The company announced their latest peripheral, the Wireless Solar Keyboard K750, which, as you might have guessed, is solar powered. The keyboard features two sets of solar panels which will gather energy whenever there is light. On a full charge it can last up to three months in complete darkness. You’ll be able to download an app that tells you how much light the device is getting, and how long the battery is estimated to last. I’m not quite sure that I’d be ready to spend $80 on a first-gen solar keyboard, but I do love the idea of not having to change out batteries.

[ Logitech ] VIA [ Gearlog ]

Sol Watch Embraces Its Solar Cell As A Design Element

Sol Watch (Image courtesy the MoMA Store)
By Andrew Liszewski

Solar powered watches aren’t a new concept, but these days the solar cells are integrated into the faces so you wouldn’t know they were solar powered just by looking at them. That’s not the case with this Sol Watch available from the MoMA Store though. It’s got a tiny solar cell placed front and center below the watch’s inverted LCD display, extending the battery life by an additional 50%. The band and case are made of polyurethane making them water-resistant, and while I like the design, $100 is a tough sell for such basic functionality. I better just order two.

[ Sol Watch ]

EnSol Could Turn Your Ordinary Windows Into Solar Panels

By Chris Scott Barr

Utilizing solar power to reduce the amount of money you’re spending on electricity is a great idea, at least in theory. However, costs associated with purchasing the equipment, installation and even finding the space for the panels can deter one from actually following through with such a plan. One company is hoping to change this by offering a metal nanopartical spray that would turn your windows into solar panels.

The spray would add a slight tint to your windows, which if you’re like me, is actually a bonus (at least for the bedroom window). You would even be able to coat the outer walls of your building to essentially turn the whole house into a giant solar panel. They are making progress on this design, and hope to have it on the market sometime in 2016.

[ EnSol ] VIA [ Dvice ]

Jetyo HDV-T900 Camcorder With Dual Solar Cells

Jetyo HDV-T900 Camcorder (Images courtesy The Red Ferret Journal)
By Andrew Liszewski

Worrying about battery life isn’t an issue when it comes to the HDV-T900 camcorder from Jetyo. In addition to running off a set of 4xAAA batteries which can pretty much be replaced anywhere on Earth, it also features a set of flip out solar cells that can be used to recharge those batteries, if they’re of the rechargeable persuasion. Unfortunately that’s the only feature that makes this camcorder stand out in an already crowded market, but it seems to have all the bases covered.

A 5.0MP CMOS sensor can capture videos up to 1280x720P in size at 30fps, and still images can be captured up to 12MP in size if you can live with a lot of software interpolation. It comes with 32MB of built-in memory, so you’ll want to make sure you have an SD card (sizes up to 32GB supported) handy if you actually intend to record any video. There’s also an HDMI connection for hooking the camcorder directly to your HDTV, and USB for downloading pictures and videos to your PC. Now I’m sure the HDV-T900 isn’t the most amazing piece of video hardware to come out of China, but according to the Red Ferret Journal it will only set you back about $88.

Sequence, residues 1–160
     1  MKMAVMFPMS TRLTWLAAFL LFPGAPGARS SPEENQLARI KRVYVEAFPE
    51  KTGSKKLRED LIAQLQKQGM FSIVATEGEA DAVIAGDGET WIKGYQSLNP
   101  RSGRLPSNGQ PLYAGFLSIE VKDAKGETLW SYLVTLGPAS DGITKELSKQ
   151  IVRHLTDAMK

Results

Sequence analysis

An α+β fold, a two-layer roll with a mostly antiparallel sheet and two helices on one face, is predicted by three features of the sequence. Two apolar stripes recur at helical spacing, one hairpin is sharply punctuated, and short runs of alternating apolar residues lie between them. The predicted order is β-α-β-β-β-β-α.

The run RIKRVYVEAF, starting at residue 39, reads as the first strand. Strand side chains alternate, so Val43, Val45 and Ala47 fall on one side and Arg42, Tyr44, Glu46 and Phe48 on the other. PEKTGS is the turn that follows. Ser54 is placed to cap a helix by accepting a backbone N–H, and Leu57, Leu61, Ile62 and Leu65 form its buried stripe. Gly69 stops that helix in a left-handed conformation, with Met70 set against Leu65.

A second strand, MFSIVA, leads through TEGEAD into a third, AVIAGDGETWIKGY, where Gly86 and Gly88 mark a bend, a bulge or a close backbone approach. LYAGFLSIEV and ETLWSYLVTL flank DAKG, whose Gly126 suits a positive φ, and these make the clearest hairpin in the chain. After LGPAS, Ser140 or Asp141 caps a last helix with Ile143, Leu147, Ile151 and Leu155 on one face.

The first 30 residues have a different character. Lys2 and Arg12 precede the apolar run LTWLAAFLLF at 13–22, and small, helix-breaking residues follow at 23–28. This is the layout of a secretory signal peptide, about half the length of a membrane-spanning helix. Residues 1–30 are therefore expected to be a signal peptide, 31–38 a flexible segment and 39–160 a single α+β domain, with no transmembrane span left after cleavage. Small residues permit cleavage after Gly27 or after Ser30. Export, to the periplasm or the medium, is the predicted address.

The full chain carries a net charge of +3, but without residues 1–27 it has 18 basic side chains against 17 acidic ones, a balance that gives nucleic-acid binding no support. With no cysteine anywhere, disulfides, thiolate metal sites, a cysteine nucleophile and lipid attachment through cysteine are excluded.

[ Jetyo HDV-T900 Camcorder ] VIA [ The Red Ferret Journal ]

Solar Ivy Grows Closer To Production


By Evan Ackerman

This is some ivy any green blooded duck squeezer would be proud to have covering their house, and not just because it’s not an invasive species. Solar Ivy is solar powered, just like real ivy, but rather than growing out of control and choking out all other endemic vegetation, it passes electricity on to you (yay!). Gigantic solar panels are expensive, but having a whole bunch of smaller solar panels is cheaper to produce, cheaper to replace, and can still put out enough power to make a dent in your energy bill: a 4′ x 7′ strip of Solar Ivy can produce up to 85 watts.


In order to get Solar Ivy into production, the company (Sustainably Minded Interactive Technology) is looking for a grant Pepsi ‘Refresh’ grant (such things exist) of some $50,000. This is one of those rare occasions where a really cool concept has an actual chance of becoming commercial reality… Right now, they’re ranked #32, and they’ll need to get into the top tend to get funding. You can vote for Solar Ivy here.

[ SMIT ] VIA [ Core77 ]

Scosche Juices Up Your Gadgets With Solar Power


By Chris Scott Barr

Everyone that owns an iPhone is looking for a way to make their battery stretch a little bit longer. Sure, my 3GS lasts longer than the previous models, but after a long day of solid use I still find myself doing anything I can to conserve what little battery life it has left. There are a lot of solutions out there, but one can never have too many choices. Scosche has a new one that’ll recharge your iPhone twice over.

The solBAT II is a backup battery that can be charged either via USB or using solar power. It features both a suction mount for soaking up solar rays through a window and a carabineer mount if you want to attach it to a backpack. The battery has a 1500mA capacity and a 5V output, so it’ll charge your phone at the same rate as a standard wall outlet (or your PC).

If you’re constantly running low on battery life for your iPhone (or any other device that charges via USB) and you’re into the “green” scene, then this is worth checking out. It’s only going to set you back $29.99 and is on sale now.

[ Scosche ]